- 500σεληναίη Ω: σεληναίης Flangini
“You fool! Have you held self-destructive ideas before this as well, or is the pure wine swelling the impetuous heart in your chest to ruin, and has it impelled you to disrespect the gods? There are other consoling words with which a man could encourage his comrade, but what you have said is utterly outrageous. Such boasts, they say, did the sons of Aloeus57 too blurt out once against the blessed gods, and you are not in the slightest equal to them in valor. And yet they both were killed by the swift arrows of Leto’s son, for all their might.”
Thus he spoke, and Idas, son of Aphareus, burst out laughing and, eyeing him askance, answered with cutting words:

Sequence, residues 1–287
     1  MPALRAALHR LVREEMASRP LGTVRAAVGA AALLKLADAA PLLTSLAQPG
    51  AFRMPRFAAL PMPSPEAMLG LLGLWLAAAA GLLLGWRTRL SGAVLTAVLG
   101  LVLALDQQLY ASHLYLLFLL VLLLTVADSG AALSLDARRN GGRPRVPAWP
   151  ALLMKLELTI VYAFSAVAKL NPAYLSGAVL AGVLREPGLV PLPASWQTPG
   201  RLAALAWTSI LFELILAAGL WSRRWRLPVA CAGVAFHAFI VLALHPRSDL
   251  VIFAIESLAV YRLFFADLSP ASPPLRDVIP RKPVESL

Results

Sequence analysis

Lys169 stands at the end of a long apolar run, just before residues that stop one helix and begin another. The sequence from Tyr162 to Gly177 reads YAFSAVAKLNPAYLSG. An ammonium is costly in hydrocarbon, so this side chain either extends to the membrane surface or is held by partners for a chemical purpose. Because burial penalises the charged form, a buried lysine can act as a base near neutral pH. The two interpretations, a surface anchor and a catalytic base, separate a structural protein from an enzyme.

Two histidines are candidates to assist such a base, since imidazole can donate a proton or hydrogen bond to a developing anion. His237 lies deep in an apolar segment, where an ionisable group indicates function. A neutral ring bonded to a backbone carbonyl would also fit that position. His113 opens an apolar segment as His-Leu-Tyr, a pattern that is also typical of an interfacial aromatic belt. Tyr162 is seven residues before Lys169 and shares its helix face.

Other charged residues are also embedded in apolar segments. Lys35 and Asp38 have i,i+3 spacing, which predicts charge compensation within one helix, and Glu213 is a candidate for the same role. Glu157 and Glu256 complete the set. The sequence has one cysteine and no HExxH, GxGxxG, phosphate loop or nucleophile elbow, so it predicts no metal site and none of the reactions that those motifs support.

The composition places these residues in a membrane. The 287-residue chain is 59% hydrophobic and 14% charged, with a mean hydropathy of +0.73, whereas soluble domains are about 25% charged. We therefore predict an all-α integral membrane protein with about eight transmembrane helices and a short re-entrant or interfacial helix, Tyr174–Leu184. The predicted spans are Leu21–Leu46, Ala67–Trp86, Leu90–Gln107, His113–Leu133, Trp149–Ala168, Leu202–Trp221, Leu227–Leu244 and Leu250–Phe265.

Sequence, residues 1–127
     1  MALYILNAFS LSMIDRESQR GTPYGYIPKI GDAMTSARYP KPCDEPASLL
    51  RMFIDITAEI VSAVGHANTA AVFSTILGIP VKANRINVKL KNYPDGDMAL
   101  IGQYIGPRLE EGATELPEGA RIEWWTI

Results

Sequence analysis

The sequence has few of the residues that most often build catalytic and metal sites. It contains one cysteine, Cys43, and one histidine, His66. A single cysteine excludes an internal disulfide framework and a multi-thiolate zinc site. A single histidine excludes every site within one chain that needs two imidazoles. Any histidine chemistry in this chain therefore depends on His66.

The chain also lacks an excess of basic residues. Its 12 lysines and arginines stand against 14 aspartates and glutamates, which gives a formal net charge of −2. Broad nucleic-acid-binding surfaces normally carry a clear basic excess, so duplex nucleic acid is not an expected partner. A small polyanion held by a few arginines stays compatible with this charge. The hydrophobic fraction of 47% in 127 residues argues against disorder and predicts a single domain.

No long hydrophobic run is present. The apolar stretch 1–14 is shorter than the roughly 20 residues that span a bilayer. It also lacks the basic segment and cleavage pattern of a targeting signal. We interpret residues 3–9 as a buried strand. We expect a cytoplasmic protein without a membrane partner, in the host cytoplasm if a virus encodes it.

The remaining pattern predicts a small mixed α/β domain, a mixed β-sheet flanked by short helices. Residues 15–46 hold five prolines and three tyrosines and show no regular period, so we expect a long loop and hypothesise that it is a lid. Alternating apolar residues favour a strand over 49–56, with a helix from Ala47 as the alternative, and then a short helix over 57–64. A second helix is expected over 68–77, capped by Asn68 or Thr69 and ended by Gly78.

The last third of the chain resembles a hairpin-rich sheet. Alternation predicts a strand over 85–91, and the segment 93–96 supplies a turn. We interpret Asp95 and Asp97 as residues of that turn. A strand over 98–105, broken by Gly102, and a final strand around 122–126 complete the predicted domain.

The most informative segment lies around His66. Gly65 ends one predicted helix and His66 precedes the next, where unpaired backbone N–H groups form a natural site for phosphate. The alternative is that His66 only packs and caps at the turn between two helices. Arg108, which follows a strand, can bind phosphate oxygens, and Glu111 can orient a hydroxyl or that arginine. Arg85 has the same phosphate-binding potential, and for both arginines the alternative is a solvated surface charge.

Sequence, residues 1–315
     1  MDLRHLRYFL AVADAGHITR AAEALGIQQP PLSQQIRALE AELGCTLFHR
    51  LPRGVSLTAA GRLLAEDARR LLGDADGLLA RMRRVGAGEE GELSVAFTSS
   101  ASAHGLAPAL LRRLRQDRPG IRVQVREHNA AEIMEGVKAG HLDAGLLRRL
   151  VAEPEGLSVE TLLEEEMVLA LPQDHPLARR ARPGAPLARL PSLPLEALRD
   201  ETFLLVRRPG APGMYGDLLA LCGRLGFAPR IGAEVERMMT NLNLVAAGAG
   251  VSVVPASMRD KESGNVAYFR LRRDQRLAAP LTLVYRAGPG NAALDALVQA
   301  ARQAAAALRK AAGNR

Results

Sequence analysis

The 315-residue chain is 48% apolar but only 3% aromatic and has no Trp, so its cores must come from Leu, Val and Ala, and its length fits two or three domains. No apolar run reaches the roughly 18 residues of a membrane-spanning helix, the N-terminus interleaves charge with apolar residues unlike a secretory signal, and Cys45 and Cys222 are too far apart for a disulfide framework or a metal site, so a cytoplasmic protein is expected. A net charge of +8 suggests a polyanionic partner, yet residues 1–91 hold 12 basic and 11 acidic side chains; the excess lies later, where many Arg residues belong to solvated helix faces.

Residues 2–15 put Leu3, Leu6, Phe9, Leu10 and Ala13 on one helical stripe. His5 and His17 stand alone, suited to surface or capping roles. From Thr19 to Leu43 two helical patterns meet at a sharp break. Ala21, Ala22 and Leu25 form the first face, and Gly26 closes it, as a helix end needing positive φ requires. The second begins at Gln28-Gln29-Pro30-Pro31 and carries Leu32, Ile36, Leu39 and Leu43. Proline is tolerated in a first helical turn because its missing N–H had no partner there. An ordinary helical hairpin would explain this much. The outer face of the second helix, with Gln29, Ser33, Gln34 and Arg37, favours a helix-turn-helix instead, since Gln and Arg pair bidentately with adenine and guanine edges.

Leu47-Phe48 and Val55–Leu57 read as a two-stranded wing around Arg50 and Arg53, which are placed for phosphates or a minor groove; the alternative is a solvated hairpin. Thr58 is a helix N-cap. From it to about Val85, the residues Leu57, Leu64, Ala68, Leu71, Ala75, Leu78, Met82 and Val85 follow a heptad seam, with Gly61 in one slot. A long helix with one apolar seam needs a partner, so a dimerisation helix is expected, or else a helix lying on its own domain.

“Come on, then, tell me this with your prophetic arts, whether the gods will bring about for me too such a death as the one your father58 brought upon Aloeus’ sons, but take thought for how you may escape from my hands alive, if you should be caught declaring a vain prophecy.”
Thus he reviled him in his anger, and the strife would have gone further, had not their comrades and Jason himself rebuked the antagonists and restrained them. Then too Orpheus lifted up his lyre with his left hand and tried out a song.
He sang of how the earth, sky, and sea, at one time combined together in a single form, through deadly strife became separated each from the other; and of how the stars and moon and paths of the sun always keep their fixed place in the sky; and how the mountains arose; and how the
- 57Otus and Ephialtes, who tried to scale heaven by piling mount Ossa upon Olympus and Pelion on them (cf. Odyssey 11.307–320).